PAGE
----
YOU ARE WAY TOO CLINGY FOR ME
At no point do I want to sound sanctimonious. I am aware that I am still leaving large environmental footprints; I drive a car, we have TV, computers and phones. Well I don't have a mobile phone, but don't start my family on that one!
The waste reduction is a choice I am choosing and I am just sharing my reasons, success, failures, outcomes and everything in between into computer space on the chance that someone might also think it is a good Idea and like to join the uprising.
One of my first plastic free purchases was the reusable plastic shopping bags and I have been using these for years. But just before I was even aware of my plastic indigestion, I stumbled upon a lady selling bee wax wraps at a market. I thought it was a fabulous idea she had invented and purchased a packet of various sizes; they were quite expensive.
Intrigued as to how she had made these marvellous cling wrap alternatives I went to google, I do that A LOT!! Here I discover that this was not a new invention and that many people made their own and they had been around a long time.
So I got some fabric (cotton) old clean cotton sheets or pillow cases work, bees wax and made my own. It is was sooo easy. Before we get into the process first let me let you know WHY, I don't you cling wrap.
Cling wraps like most plastics is made with chemicals extracted from crude oil if fact 1kg of cling wrap CONTAINS 1.6litres of crude oil, yes you are covering your food with Crude Oil. The manufacturing of that same 1kg roll would emit 2.13kg of CO2 (not that much, but you are not the only one using it, are you?) Cling wrap is NOT recyclable and contains NO recycled polymers.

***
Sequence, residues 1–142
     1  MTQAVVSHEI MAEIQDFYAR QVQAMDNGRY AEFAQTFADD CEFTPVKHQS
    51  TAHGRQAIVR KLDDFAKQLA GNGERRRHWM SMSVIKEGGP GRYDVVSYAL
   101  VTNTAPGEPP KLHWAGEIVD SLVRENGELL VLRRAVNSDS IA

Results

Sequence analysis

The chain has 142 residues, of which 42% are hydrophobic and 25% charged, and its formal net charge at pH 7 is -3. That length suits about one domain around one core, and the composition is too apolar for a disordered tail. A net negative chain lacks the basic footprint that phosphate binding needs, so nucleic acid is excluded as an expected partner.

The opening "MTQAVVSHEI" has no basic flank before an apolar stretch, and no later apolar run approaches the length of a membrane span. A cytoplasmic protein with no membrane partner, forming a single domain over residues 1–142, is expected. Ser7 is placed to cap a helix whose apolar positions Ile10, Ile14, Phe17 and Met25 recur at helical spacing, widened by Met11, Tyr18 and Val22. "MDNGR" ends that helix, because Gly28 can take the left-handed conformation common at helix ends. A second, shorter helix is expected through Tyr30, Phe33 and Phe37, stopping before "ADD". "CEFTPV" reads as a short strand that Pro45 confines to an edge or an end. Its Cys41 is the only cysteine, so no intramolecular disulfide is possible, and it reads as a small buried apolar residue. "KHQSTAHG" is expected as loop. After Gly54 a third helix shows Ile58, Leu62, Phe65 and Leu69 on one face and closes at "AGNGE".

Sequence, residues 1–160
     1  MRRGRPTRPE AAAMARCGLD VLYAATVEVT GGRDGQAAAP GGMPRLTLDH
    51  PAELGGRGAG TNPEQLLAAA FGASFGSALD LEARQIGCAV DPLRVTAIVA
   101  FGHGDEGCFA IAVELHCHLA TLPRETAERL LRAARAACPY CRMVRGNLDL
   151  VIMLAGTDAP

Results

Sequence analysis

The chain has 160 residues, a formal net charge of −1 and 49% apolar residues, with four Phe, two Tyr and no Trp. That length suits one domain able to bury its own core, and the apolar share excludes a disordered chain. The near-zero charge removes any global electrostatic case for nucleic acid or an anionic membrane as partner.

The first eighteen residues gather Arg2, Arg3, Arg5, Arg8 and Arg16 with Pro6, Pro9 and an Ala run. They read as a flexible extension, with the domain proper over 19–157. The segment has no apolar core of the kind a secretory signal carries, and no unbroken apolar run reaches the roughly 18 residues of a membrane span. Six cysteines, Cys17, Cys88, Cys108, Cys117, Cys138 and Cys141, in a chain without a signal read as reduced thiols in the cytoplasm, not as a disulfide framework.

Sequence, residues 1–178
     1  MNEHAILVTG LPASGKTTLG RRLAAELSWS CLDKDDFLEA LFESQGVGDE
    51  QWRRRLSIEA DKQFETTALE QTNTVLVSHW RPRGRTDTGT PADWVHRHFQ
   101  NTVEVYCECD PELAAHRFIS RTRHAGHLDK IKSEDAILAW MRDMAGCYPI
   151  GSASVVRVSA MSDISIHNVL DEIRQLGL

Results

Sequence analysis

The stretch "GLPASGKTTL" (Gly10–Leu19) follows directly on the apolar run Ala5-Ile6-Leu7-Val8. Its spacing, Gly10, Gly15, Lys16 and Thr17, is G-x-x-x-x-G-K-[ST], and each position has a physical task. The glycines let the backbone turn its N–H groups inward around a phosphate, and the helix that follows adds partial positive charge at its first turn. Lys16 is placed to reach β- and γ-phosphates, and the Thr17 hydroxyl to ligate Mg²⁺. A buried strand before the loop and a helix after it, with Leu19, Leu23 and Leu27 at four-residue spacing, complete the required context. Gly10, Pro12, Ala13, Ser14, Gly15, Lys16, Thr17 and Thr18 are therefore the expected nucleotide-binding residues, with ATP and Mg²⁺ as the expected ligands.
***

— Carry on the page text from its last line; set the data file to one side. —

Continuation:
Health wise; these soft plastics may contain phthalates and bisphenol A which may cause the hormone disruption which has been linked to breast cancer, obesity and low intellect development in children. Why risk it when you really don't even need it?
Left overs can go into a reusable container, or a plate over a bowl make a good lid, bees wax wraps are good for bread, cut fruit or veg or exposed plate, a damp cheese cloth to cover your open cheese then into a container, you can even buy silcion lids and cloth sandwich bags.
The bees wax should not be used to wrap meat and I am not sure how it would go around a sandwich in our hot summer? I have only used them in the fridge, so let me know.
To make the wraps use a large piece of greaseproof paper or baking paper, you could even use brown paper. Put an OLD towel down on you ironing board for wax spills, lay down your paper, place you cotton material on top of the paper, sprinkle grated bees wax over the material, place another piece of paper over this and then iron over the top of paper on a medium heat.
You will see the wax spreading, lift the paper to add bees wax to spots that have been missed. It is easier to peel back the paper will still warm and if it sticks or clumps run the iron over again.
DON'T iron directly onto the wax and mark the paper on the wax down side so you always keep it this way. I like to flip the material and wax the reverse side of the fabric also. The same paper can be used over and over again.
Hang the wraps over a cloths hanger to cool (5mins) and you are done. Just whip over with a damp cloth to clean of crumbs, etc. after use. The Bees wax is a great antibacterial barrier.
This is basically how people have waterproofed there clothes for centuries.